The human LSm1-7 proteins colocalize with the mRNA-degrading enzymes Dcp1/2 and Xrnl in distinct cytoplasmic foci.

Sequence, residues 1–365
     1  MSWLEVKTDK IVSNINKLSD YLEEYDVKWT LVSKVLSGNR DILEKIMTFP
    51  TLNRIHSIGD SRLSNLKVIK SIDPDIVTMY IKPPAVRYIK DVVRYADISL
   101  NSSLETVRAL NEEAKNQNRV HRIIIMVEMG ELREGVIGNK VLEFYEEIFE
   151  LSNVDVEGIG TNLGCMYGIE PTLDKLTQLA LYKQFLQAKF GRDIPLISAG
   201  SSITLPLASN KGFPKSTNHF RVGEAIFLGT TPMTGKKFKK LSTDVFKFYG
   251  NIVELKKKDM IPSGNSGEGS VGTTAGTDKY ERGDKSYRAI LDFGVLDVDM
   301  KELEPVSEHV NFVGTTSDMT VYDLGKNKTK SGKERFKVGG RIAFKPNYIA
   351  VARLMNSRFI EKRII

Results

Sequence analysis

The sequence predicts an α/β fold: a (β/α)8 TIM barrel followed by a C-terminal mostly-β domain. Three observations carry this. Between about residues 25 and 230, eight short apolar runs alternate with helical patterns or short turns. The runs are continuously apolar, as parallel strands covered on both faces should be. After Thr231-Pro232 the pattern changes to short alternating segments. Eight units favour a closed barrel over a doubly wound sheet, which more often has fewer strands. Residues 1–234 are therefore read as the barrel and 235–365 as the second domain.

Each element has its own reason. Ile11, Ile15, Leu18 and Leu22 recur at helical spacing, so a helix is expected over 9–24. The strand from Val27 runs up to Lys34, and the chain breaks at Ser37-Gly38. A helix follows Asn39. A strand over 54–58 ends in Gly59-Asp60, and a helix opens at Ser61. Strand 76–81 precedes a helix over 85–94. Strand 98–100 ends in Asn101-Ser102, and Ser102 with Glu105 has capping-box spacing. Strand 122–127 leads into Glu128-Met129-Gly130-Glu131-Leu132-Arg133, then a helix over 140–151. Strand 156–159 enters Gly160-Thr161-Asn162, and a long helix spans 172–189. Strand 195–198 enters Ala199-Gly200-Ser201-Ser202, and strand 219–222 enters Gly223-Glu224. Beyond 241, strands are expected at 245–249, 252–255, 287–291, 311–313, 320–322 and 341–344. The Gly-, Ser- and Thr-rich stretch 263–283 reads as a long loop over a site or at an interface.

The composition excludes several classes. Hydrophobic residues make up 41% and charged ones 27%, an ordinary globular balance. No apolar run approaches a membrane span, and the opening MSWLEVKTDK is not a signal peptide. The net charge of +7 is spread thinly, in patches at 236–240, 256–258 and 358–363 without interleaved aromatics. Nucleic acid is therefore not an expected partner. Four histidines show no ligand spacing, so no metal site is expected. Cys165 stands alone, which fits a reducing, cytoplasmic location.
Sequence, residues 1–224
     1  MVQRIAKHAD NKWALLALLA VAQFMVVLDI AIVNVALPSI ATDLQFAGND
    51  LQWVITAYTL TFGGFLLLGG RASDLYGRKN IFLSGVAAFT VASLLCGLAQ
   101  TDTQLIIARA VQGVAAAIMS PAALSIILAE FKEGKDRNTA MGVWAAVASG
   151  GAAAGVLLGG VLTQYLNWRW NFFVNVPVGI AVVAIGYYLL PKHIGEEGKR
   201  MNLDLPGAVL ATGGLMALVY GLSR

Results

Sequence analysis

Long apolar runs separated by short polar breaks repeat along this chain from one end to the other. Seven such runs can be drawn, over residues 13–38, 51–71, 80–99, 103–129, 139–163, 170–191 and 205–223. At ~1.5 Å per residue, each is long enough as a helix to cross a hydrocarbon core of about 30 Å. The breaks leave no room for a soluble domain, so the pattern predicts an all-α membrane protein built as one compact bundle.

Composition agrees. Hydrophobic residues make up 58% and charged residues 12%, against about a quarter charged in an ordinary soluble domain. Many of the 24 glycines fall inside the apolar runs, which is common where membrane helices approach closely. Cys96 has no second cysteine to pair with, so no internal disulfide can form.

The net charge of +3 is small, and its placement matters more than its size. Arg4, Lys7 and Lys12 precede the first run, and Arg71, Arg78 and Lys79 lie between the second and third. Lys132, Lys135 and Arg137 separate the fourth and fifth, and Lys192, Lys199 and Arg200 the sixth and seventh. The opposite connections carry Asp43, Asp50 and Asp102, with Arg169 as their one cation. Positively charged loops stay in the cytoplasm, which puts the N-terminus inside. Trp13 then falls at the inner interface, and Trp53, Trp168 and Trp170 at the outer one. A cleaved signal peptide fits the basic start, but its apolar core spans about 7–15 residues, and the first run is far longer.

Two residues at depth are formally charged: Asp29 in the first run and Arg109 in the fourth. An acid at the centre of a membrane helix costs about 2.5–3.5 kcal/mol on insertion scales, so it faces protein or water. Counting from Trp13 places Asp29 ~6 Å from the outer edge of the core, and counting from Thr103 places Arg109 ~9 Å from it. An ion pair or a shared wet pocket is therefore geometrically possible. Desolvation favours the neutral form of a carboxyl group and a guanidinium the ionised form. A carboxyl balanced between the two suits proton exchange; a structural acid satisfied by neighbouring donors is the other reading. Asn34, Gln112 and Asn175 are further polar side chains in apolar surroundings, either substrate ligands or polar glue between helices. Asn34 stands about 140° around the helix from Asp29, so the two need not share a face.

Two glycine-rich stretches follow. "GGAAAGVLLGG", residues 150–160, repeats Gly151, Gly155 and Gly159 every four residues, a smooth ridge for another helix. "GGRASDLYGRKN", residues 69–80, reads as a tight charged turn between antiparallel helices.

Sm and Sm-like (LSm) proteins form heptameric complexes that are involved in various steps of RNA metabolism. In yeast, the Lsm1-7 complex functions in mRNA degradation and is associated with several enzymes of this pathway, while the complex LSm2-8, the composition of which largely overlaps with that of LSm1-7, has a role in pre-mRNA splicing. A human gene encoding an LSm1 homolog has been identified, but its role in mRNA degradation has yet to be elucidated. We performed subcellular localization studies and found hLSm1 predominantly in the cytoplasm. However, it is not distributed evenly; rather, it is highly enriched in small, discrete foci. The endogenous hLSm4 is similarly localized, as are the overexpressed proteins hLSm1-7, but not hLSm8. The foci also contain two key factors in mRNA degradation, namely the decapping enzyme hDcp1/2 and the exonuclease hXrn1. Moreover, coexpression of wild-type and mutant LSm proteins, as well as fluorescence resonance energy transfer (FRET) studies, indicate that the mammalian proteins hLSm1-7 form a complex similar to the one found in yeast, and that complex formation is required for enrichment of the proteins in the cytoplasmic foci. Therefore, the foci contain a partially or fully assembled machinery for the degradation of mRNA.